What makes a government democratic?
The obvious answer is: people voted it into power. But that's completely wrong.
People voted Hitler into power. The Nazi party won by far the biggest single share of the vote in the 1932 elections, which were as "free and fair" as any in the world at that time. The next election was less free, but only thanks to a, technically constitutional, emergency Decree. Hitler's assumption of all executive and legislative powers was aided by dirty tricks, but it was pretty much above board.
The current provisional government of Tunisia has not won any elections. The overthrown dictatorship won many, though they weren't free because most opposition was banned. The current government, however, is seen as more democratic, because its role is to facilitate free and fair elections. It will then dissolve and give power to whoever wins them.
Maybe the provisional government of Tunisia isn't entirely democratic. But it's clearly more democratic than Hitler, even though Hitler won more elections.
So being elected into power has nothing to do with being a democrat or a dictator. Don't forget that. What is a democratic regime, then? I think it's this: a regime is democratic if it would peacefully hand over power were it to lose an election. If and only if you respect the people's choice to kick you out, you're a democrat. It's not about winning elections, it's about losing them.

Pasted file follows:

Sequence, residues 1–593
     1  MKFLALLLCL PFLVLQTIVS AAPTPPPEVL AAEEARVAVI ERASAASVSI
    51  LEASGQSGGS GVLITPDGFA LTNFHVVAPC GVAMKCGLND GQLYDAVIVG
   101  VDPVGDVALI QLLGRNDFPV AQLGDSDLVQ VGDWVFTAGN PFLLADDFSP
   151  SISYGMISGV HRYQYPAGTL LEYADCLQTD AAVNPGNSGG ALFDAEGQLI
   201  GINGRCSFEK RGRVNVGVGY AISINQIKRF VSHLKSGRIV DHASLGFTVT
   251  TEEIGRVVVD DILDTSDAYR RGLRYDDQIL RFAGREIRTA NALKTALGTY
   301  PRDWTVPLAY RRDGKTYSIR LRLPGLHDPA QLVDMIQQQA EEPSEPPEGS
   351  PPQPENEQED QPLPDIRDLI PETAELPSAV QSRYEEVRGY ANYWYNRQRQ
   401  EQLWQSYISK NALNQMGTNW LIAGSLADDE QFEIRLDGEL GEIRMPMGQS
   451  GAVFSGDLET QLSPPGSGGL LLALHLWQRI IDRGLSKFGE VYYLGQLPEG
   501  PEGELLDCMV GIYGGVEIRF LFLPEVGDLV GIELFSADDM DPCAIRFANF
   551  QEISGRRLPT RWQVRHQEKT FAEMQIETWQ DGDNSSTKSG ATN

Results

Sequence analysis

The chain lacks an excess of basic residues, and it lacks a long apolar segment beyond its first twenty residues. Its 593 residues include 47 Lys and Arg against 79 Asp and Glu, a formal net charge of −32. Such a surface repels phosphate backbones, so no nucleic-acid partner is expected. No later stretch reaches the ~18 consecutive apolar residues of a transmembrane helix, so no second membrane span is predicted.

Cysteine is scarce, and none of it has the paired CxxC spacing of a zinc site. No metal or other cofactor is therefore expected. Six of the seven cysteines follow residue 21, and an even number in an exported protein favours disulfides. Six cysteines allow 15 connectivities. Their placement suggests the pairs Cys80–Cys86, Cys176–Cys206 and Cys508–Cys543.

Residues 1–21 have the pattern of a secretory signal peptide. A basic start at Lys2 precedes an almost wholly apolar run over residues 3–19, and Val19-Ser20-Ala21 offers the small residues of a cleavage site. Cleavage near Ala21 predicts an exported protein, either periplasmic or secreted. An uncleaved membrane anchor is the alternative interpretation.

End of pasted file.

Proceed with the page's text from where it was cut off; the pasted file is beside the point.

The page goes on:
Dictators aren't dictators because their people don't like them. It's because they're going to rule whether or not people like them. They rule: that's the basic political fact. If the people agree, great - and many are genuinely popular. If not, too bad.
What we've seen in the Ivory Coast recently, and in Zimbabwe over the past few years, is what happens when elected dictators lose elections: they don't accept it, and blood flows. If you want a soundbite: a dictator is someone who's willing to get blood on their hands, if it meant they keep a grip on power.